Re:View – ‘Le Concert’
It’s a preposterous film, of course, but a crowd-pleaser in its native France and that means it will a/ never win an award and b/ hardly get distribution elsewhere before being remade by Harleywood.
And yet – there’s something so fundamentally winning about the damned thing that it becomes irresistible. A cleaner at the Bolshoi intercepts a Fax (remember those?) inviting the Bolshoi’s orchestra to attend a gala concert in Paris in two weeks’ time, and decides to re-form his own orchestra to do it.
Thirty years earlier he had been the Bolshoi’s conductor, but had suffered a breakdown and alcoholism after being forced to stop in the middle of a Tchaikovsky concerto, banned for employing Jewish musicians under Brezhnev. Now he plans to redeem himself through subterfuge. It’s a bit like a classical version of ‘The Blues Brothers’.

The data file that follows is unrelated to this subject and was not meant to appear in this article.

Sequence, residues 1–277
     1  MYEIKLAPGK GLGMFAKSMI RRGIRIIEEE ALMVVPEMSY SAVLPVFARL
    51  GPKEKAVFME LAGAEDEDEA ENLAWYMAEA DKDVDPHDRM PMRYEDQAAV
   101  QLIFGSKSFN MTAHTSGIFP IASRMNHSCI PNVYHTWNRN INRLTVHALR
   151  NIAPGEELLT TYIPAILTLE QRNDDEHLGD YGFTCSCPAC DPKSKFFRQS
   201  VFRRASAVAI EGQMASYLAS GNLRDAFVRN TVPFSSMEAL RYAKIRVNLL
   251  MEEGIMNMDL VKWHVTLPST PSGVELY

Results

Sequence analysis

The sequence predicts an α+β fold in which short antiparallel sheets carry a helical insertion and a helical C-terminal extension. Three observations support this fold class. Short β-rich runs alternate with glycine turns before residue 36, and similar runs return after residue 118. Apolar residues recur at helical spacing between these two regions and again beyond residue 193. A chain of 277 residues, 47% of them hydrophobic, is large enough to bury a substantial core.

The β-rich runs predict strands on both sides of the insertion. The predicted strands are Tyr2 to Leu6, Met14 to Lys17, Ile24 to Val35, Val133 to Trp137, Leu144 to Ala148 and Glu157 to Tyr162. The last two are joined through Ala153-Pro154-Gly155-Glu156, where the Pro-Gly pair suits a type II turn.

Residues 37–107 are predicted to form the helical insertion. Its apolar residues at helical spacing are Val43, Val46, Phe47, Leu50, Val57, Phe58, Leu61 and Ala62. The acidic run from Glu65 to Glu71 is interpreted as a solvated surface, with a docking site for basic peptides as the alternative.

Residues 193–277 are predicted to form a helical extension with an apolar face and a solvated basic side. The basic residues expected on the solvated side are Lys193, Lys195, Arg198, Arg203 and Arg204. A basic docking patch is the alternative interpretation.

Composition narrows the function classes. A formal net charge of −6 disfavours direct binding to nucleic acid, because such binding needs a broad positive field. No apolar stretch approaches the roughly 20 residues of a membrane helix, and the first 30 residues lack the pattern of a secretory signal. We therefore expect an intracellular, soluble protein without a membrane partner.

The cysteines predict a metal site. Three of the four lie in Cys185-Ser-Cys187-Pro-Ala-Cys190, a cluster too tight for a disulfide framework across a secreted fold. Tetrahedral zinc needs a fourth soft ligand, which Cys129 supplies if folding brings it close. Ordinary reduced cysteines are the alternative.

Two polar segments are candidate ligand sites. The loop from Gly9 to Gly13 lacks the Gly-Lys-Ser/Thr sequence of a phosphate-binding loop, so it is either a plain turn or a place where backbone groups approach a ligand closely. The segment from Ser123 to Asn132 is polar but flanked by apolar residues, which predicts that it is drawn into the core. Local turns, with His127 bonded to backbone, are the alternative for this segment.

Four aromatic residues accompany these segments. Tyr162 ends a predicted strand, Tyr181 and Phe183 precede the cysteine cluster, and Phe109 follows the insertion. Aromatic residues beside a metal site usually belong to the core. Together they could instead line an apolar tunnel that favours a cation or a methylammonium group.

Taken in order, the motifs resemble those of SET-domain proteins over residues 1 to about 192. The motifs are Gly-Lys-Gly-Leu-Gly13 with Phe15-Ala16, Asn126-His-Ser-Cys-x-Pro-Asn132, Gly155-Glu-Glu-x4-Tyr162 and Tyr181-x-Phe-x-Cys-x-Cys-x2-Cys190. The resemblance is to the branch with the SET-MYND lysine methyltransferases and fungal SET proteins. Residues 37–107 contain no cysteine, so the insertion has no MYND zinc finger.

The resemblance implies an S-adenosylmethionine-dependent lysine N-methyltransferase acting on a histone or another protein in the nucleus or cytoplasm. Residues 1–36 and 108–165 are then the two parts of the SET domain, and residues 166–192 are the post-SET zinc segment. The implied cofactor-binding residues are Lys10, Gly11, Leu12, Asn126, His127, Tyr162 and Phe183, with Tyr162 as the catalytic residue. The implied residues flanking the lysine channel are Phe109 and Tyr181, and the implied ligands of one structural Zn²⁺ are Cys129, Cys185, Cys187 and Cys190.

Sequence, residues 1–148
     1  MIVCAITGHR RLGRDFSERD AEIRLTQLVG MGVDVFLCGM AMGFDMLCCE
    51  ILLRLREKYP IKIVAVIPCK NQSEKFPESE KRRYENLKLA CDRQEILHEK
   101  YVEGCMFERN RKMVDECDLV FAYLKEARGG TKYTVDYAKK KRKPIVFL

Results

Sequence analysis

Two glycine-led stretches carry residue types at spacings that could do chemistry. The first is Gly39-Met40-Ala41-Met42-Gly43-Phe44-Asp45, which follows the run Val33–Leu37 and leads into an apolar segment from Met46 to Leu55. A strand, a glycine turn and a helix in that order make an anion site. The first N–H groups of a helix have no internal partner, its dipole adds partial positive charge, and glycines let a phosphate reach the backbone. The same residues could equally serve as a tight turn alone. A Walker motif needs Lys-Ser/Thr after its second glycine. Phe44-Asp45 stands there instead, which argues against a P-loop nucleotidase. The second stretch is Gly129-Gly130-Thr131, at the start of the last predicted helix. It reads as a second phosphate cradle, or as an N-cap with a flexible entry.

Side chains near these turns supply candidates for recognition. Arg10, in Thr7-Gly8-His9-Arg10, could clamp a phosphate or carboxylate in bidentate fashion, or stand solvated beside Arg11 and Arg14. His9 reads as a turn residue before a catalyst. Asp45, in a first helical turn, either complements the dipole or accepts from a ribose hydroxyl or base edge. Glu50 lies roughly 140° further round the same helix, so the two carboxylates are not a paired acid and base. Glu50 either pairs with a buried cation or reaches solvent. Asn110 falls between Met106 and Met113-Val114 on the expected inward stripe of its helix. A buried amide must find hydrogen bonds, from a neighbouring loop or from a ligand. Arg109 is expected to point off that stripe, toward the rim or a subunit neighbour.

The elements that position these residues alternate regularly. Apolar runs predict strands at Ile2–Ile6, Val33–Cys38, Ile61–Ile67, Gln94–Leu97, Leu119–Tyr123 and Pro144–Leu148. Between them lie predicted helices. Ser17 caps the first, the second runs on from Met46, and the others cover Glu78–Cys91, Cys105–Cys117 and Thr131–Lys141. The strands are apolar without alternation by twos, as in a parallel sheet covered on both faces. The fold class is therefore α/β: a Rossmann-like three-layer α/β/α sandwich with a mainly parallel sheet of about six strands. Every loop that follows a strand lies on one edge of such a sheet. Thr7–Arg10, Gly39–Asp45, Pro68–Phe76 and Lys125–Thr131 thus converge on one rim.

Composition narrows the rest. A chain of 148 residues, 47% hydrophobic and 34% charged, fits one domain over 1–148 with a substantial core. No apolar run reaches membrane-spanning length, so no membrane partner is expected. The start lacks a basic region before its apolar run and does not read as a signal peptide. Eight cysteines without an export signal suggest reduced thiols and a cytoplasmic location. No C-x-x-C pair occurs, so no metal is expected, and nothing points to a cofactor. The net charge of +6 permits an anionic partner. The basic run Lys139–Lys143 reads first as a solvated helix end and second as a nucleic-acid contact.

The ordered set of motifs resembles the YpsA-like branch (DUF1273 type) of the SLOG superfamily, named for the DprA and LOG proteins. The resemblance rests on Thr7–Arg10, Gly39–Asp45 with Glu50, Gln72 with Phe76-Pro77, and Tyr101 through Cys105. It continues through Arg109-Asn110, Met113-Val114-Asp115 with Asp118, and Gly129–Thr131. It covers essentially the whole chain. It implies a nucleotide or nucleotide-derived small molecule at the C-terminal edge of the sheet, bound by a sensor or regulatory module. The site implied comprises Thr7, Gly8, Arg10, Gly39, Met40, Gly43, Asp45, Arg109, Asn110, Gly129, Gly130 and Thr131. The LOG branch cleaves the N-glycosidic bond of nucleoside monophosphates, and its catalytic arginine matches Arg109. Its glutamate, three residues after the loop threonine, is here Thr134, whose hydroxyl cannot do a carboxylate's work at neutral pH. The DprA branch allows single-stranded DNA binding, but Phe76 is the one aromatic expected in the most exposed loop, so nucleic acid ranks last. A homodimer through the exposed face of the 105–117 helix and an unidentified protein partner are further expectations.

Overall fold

So off he sets, rounding up his old musicians from street corners and gypsy encampments. They’ll head for Paris and perform – without a single rehearsal – before the world without getting caught. But he also wants one of the world’s greatest soloists, with whom he shares a long-buried secret.
At the point where the concert can’t start because the entrepreneurial musicians are busy flogging black market caviar on the streets of Paris and the orchestra’s manager has run off to give a Communist party speech, I was ready to throw in the towel. But the film is about using the power of music to overcome all obstacles, and then perfectly proves its point with an eleventh-hour epiphany that refuses to leave a dry eye in the house.
In places, director Radu Mihaileanu has the subtlety of a nail-gun – his film ‘Train De Vie’, in which Jewish villagers make off with their own deportation train in World War 2, is identical in tone. ‘Le Concert’ is scrappily shot, rowdily performed, has more loose ends than a gardening jumper, and a gunfight at a hideously vulgar Russian wedding is beyond parody, but you’ll forgive it just about anything by the soaring end.